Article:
There seems to be a lot of blogging, tweeting, talking, and just general buzz these days about different categories of people's religious and spiritual experiences.  We have the "nones" or "spiritual but not religious" people who do not identify with any institutional religions but still claim spirituality.  Closely related to nones are the "dones" who have been, and perhaps still are, part of institutional religion but are tired of traditional church and the way things have always been.  These people are done with business as usual and are looking for new ways to "do church," or "be church."

I want to add another category to this mix - the "nots."   The nots are the people with whom the dones are done with and the nones have nothing in common.  Nots are the people who are not going to change, as the old saying goes, "come hell or high water!"  Nots are happy right where they are and most of the time could care less about the nones or dones.  However, nots also see "the way things have always been" slowly slipping from their grasp.  So, they hold on tighter.

In many ways nots are like "knots" in a rope that get tighter or loose depending on which parts of the rope are pulled.  It you've ever untied a knot, especially a tight one, you know pulling at it from both ends only makes it tighter.  You must get in the middle of the knot and work or massage it, then pry and pull to create some space in the entangled loops.  Once this space is created the knot is easily untied.

I am not sure where all of this leads, except to suggest that perhaps the Nones and Dones of the world, whether in religion, politics, education, business or any other institution, may need to make sure they/we are not pulling from both ends and tightening the Nots.    

Wednesday, June 10, 2015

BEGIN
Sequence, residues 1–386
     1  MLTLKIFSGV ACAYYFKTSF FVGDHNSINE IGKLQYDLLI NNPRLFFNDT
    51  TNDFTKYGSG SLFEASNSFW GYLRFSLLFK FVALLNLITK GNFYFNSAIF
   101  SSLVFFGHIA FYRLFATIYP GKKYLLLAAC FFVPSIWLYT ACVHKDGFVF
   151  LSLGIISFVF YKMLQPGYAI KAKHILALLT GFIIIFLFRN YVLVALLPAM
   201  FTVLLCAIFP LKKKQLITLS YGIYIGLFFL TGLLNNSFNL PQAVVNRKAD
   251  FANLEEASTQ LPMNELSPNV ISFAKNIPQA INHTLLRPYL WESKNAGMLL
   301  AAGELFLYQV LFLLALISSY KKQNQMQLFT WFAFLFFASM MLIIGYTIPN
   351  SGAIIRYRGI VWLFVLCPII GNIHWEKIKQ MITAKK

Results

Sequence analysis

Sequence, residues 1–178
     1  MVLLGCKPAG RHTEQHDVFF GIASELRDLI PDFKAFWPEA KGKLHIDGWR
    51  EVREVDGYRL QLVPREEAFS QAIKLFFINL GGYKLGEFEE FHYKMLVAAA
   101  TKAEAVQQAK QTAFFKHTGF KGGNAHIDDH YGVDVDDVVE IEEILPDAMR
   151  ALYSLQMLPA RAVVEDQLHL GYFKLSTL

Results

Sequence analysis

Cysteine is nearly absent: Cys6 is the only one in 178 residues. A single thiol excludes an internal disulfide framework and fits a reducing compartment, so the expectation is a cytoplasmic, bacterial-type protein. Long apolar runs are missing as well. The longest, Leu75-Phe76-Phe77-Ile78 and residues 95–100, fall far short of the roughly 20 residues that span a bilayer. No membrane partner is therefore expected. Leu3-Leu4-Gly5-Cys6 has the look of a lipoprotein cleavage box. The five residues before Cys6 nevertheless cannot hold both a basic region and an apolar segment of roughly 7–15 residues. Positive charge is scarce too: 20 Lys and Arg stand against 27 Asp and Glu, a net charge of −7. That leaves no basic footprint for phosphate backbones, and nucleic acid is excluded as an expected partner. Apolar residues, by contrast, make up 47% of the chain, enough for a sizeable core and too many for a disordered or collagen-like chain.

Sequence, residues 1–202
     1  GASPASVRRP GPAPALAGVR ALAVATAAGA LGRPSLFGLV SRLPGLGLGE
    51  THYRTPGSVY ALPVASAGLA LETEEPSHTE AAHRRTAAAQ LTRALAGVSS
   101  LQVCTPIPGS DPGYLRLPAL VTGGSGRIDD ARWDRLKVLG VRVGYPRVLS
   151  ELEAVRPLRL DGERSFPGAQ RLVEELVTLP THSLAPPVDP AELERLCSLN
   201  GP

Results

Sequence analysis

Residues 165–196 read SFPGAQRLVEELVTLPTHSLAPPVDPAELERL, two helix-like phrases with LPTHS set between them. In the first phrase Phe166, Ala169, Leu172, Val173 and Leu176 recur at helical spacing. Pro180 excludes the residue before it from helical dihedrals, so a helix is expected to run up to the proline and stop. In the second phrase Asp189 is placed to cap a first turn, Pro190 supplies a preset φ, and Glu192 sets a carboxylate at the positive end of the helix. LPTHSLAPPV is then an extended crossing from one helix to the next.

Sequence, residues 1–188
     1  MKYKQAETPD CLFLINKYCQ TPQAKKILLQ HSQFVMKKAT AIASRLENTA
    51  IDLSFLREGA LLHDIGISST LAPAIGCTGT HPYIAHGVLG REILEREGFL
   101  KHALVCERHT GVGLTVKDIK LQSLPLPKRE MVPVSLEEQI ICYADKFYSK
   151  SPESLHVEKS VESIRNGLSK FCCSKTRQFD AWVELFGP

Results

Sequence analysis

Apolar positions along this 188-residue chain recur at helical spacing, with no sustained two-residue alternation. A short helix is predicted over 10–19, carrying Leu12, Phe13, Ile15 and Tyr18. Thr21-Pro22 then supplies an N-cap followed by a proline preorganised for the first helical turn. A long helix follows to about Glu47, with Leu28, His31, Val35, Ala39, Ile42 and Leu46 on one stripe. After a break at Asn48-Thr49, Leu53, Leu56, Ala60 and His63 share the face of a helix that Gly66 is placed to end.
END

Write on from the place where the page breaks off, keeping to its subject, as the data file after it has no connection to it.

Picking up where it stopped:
Big Dots, Little Dots

To a worm in horseradish the world is horseradish.
~ Yiddish Proverb

Sometimes I wonder if there really is a dog.
~ The Agnostic Flea

When I look at your heavens, the work of your fingers, the moon and the stars that you have established; what are human beings that you are mindful of them, mortals that you care for them?

Recently I've been pondering big dots and little dots.  What started this pondering was an observation in a blog by Seth Godin in which he writes, "If you were able to shrink the Earth to the size of a billiard ball, it would be the roundest sphere ever created. Hard to believe this if you live near the edge of the Grand Canyon."

Actually the "if" of Godin's statement is true when you consider our current ablility to see the earth from both outer and deep space.  The famous photo of the "blue marble" circa 1968 shows Earth as a round ball. Later photos from Voyger 1 show Earth as just another tiny dot in what we commonly call a "starry sky."  As for the Grand Canyon, compared to the entire surface of the Earth it is a tiny dot. And, when we stand on its edge we feel tiny in comparison.

This is where human consciousness and awareness comes in.  Our worlds are as large or small as we perceive them to be.   We can be like the worm or the flea above- oblivious to the vastness of Creation, or we can be like the Psalmist who dares to look beyond, wonder, and question our place in the Eternal.

As is common in the Psalms, the Psalmist immediately provides the answer to his/her own question: Yet you have made them a little lower than God...   Another way to translate this would be Yet you have made humans almost Divine.  Then reading a little further in Psalm 8 we discover it is our purpose, our job as little dots, to take care of the big dot.  Even so, we are reminded as "almost Divine" dots we are still little dots participating in Eternity.